In my perfect world, I don’t think I’d ever leave the present moment.
I would dwell in a state of blissful awareness of the now, paying attention to only what is directly in front of me, both literally and metaphorically.
Unfortunately, that’s not how the real world operates.
Unless you’re a Buddhist Monk, there are going to be times when we need to step out of the present moment and deal with things in the future. There are also times when we need to look back on the past and learn from it what we can.
Stepping out of the present moment can sometimes be a good thing. It allows us to set goals, visualize our dreams, and make plans for the future. It also allows us to be grateful for our past, and reflect on the lessons life has taught us.
Unfortunately, stepping out of the present moment can also be quite damaging. We may worry about the uncertainty future or become anxious in the face of the unknown. We may also experience regret or anger when looking at the past.
For a long time, I had a trouble balancing the present moment with the past and future. I would almost always dwell far too deeply in the future, which gave me severe anxiety. I would dwell in the past quite a bit too, which often involve me becoming frustrated at some past event, experience, or person.
Then, after months of frequent meditation, I would sometimes find myself unable to properly plan, set goals, and learn from the past. I wasn’t reflecting on the lessons life had taught me nor was I the captain of my own journey through life.
Around this time is when I stumbled upon journaling.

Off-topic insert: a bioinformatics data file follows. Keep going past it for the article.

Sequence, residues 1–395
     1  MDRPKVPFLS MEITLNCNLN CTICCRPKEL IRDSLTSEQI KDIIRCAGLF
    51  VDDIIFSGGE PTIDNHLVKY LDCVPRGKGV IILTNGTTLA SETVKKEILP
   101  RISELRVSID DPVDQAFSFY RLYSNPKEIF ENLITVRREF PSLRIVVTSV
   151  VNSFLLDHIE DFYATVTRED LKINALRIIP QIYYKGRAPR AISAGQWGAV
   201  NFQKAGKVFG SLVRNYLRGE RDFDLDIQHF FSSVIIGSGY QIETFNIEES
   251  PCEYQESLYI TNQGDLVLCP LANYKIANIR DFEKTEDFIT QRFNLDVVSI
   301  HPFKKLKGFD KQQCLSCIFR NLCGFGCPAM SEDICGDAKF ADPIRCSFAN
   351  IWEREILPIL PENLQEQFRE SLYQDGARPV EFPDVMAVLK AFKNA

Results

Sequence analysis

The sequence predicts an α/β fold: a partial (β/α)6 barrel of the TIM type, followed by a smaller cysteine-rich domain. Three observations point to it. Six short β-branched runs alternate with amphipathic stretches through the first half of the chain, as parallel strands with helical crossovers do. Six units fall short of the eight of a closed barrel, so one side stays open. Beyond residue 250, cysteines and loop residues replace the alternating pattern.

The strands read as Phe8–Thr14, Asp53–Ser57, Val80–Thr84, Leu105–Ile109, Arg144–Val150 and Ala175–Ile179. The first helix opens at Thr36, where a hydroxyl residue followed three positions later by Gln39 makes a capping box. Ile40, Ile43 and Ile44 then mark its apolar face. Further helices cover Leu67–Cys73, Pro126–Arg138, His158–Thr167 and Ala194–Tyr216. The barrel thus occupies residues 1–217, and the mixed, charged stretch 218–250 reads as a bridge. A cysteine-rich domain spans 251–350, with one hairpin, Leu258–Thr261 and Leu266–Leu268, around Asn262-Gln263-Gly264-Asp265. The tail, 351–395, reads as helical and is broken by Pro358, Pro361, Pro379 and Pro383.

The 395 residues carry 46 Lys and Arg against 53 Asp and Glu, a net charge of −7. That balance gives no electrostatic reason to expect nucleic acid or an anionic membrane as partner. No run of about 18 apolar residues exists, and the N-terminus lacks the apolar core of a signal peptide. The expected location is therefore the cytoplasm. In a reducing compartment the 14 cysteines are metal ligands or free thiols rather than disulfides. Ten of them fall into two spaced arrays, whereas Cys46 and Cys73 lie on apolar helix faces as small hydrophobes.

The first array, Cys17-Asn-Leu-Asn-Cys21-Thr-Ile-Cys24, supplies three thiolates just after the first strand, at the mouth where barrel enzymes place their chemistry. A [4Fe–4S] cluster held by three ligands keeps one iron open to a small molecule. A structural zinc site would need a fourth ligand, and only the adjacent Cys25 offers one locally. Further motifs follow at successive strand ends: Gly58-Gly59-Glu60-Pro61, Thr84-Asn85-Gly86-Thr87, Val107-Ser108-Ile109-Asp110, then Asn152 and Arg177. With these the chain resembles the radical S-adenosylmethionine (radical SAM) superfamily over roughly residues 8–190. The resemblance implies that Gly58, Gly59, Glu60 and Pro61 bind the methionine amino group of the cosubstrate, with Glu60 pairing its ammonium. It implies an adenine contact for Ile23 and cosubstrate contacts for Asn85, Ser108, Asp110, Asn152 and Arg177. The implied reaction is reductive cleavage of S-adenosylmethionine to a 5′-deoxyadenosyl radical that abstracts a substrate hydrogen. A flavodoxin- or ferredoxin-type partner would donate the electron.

I started with The 5 Minute Journal, which has 5 simple prompts which I still use to this day:
- 3 things you’re grateful for
- 3 things you want to accomplish today
- Daily mantra/affirmations
- 3 amazing things that happened today
- What could have made today even better?
This exercise is built to take you out of the present moment. In both the morning and nighttime ritual, you are stepping back and looking at both the past and the future. The odd thing journaling is that although you are temporarily taking yourself out of the present, what I’ve found is that it makes mindfulness much easier throughout the rest of the day or night.
I think it’s because it gives you a structured time to sit down and think about the future. It gives you the opportunity to take yourself out of the now and worry about all the things you’re worried about. It lets you take all those thoughts, anxieties, and to-do’s out of your head and into the real world.
That laundry list of tasks and to-do’s doesn’t look so daunting when you put them on paper, does it?
Likewise, that embarrassing presentation you had at work today doesn’t look so bad when you write down what you learned from it and move on.
Journalling is like weight lifting or running, in a way – it temporarily feels painful, however, the benefits when you are done exercising, both mentally or physically, far outweigh the temporary pain.
There is one caveat though: journalling won’t do you any good if you continue to worry about the future and dwell on the past outside of your journal.
Use your journal like a distraction-catcher – anytime you need to go out of the present moment, make it a habit to try and journal about it. Keep it nearby, and take the thoughts of the future and past out of your head. Use your journaling time every day to reflect and plan so that you can spend your day where you were meant to be – in the now.